Bastrop Is Burning

by cobaltandrising

For the past several weeks, I’ve been mulling over the words “trash and treasure”.  In fact, I sat down to write about my love for finding treasure in unexpected places, but that post will have to come later.  For tonight the city of Bastrop is burning and I just can’t get over what so many have lost.

In the past two days, some 500 homes have burned to the ground here in Central Texas.  Hearts broken.  Lives gone.  All is changed.  As I watched the smoke from afar today and stepped outside to smell the smoke drifting in the air tonight, I couldn’t help but think “What would I take?”  If I had ten minutes, or five, or two to get out my door and into the car to escape a fire that simply would not die…what would I take?

A couple of posts back, I shared what it has meant to be in a year of waking.  Loss and gain locked in an intimate dance.  A job gone, a home sold, a temporary dwelling place, a life in storage…appreciation for what remains, a fuller understanding of simplicity, beautiful moments in a family.  Right now I have so much more than many others do in terms of the intangible; by comparison, I possess very little in terms of the tangible.  Loss and gain… trash and treasure.

Jesus says this:

“Do not store up for yourselves treasures on earth, where moths and vermin destroy, and where thieves break in and steal.  But store up for yourselves treasures in heaven, where moths and vermin do not destroy, and where thieves do not break in and steal.  For where your treasure is, there your heart will be also…  Therefore I tell you, do not worry about your life, what you will eat or drink; or about your body, what you will wear. Is not life more than food, and the body more than clothes? Look at the birds of the air; they do not sow or reap or store away in barns, and yet your heavenly Father feeds them. Are you not much more valuable than they? Can any one of you by worrying add a single hour to your life?” (Matthew 6)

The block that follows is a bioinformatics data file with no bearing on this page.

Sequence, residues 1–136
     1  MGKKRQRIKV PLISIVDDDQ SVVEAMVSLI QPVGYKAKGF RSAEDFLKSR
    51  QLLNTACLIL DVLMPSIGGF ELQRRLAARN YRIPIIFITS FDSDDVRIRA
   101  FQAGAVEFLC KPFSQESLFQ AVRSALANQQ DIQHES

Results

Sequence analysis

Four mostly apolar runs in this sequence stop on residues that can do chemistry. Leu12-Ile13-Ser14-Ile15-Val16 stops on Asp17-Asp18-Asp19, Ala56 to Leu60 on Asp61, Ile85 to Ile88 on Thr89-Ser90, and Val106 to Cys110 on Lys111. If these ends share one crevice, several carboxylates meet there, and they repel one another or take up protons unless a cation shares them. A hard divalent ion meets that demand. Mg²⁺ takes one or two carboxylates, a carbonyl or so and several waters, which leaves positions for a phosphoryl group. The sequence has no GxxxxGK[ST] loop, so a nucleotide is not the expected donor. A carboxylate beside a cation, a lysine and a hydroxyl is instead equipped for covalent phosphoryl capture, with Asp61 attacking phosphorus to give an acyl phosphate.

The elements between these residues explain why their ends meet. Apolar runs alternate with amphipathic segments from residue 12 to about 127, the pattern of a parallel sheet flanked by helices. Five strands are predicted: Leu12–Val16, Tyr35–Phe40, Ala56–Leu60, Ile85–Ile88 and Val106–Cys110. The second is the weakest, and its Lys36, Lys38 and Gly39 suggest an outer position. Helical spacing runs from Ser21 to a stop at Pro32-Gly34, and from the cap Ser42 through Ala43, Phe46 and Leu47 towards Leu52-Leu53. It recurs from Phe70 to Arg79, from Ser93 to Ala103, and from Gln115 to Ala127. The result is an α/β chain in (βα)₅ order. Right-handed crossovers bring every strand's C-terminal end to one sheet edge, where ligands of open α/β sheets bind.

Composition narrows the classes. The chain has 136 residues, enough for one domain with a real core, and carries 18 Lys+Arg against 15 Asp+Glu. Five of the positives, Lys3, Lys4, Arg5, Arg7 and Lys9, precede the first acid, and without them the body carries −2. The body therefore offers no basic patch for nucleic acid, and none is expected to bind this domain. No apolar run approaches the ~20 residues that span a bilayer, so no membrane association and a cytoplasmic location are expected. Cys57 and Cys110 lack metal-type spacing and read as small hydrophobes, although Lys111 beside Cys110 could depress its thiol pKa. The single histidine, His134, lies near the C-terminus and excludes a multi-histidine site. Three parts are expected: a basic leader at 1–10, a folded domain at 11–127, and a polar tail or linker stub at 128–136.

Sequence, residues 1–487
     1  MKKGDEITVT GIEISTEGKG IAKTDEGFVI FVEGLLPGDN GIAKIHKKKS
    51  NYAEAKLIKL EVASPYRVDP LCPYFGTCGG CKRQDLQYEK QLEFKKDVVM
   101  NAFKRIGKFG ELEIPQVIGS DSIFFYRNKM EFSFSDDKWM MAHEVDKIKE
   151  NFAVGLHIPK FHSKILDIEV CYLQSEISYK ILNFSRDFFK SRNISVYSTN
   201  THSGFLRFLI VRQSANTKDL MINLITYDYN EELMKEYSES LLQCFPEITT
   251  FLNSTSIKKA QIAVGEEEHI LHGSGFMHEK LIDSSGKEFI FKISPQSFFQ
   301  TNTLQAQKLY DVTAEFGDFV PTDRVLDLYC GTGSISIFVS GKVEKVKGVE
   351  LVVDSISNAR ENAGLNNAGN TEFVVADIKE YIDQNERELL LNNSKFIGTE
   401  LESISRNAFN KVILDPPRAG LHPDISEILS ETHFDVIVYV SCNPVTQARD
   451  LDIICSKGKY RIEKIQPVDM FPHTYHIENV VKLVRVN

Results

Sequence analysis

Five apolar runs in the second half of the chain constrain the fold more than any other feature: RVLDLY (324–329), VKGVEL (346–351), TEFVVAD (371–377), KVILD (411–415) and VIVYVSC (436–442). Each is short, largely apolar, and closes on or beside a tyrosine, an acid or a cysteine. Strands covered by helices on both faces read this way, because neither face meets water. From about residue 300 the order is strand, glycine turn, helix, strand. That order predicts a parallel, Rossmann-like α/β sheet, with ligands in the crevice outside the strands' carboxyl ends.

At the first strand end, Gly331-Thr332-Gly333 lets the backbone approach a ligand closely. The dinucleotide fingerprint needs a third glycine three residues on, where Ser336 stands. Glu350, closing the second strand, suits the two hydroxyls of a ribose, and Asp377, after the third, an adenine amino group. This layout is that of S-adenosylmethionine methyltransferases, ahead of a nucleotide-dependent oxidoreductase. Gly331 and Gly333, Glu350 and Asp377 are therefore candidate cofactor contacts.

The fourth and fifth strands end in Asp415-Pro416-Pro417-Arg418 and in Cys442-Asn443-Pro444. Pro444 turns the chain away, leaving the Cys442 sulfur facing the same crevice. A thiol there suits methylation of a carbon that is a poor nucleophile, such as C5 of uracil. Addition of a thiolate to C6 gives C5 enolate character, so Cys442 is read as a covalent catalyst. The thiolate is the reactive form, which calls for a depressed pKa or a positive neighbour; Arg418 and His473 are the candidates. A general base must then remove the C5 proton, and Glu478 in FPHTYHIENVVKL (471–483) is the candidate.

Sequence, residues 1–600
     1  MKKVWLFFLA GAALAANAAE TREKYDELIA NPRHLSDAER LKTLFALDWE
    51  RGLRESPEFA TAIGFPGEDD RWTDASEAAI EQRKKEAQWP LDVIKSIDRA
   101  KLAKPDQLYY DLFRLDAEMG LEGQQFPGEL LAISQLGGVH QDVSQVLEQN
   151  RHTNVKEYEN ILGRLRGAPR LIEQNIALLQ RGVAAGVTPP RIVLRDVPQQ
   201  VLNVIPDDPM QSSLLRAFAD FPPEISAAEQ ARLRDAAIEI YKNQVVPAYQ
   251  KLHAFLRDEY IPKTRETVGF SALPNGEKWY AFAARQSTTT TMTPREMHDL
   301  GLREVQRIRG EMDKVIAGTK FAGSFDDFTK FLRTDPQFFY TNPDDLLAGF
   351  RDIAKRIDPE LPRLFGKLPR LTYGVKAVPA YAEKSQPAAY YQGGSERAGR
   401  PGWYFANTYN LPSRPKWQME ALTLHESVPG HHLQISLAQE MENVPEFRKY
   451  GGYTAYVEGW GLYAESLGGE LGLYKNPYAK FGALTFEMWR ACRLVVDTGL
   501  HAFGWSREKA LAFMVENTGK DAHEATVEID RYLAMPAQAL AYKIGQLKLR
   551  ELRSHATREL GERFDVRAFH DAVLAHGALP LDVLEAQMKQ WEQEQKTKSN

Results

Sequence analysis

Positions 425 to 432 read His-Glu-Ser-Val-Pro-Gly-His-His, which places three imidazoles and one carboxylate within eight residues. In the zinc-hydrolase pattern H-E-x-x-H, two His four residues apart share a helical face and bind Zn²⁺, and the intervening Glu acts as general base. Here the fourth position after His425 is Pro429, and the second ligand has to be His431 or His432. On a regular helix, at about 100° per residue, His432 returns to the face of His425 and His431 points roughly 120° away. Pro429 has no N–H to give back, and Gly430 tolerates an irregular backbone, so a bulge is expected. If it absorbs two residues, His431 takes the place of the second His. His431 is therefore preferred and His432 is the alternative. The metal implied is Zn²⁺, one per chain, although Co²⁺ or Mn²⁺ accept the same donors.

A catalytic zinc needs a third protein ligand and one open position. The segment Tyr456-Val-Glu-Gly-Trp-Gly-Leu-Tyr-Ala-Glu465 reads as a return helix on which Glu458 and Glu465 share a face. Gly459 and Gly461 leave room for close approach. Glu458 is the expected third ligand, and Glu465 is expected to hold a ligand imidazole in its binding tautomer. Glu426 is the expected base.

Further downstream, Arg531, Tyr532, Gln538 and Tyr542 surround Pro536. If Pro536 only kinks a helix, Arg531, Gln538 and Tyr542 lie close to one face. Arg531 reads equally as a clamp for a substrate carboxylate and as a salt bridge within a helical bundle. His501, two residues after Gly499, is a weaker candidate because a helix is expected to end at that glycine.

I imagine that there are hundreds of torn-to-shreds people sitting in Bastrop tonight who would wretch upon hearing these words.  They are alive but have died a small death; their treasures are gone, and worry and grief are the breath moving in and out of them.

And yet, Jesus’ compassionately strong words linger: “For where your treasure is, there your heart will be also…   Are you not much more valuable than they?”  Of anyone, Jesus should know a thing or two about the intricacies of loss and gain, of what has value and what does not, and of those things in life not worthy of our worry.

What would I take?  What would you take?  What is our treasure and where is our hearts?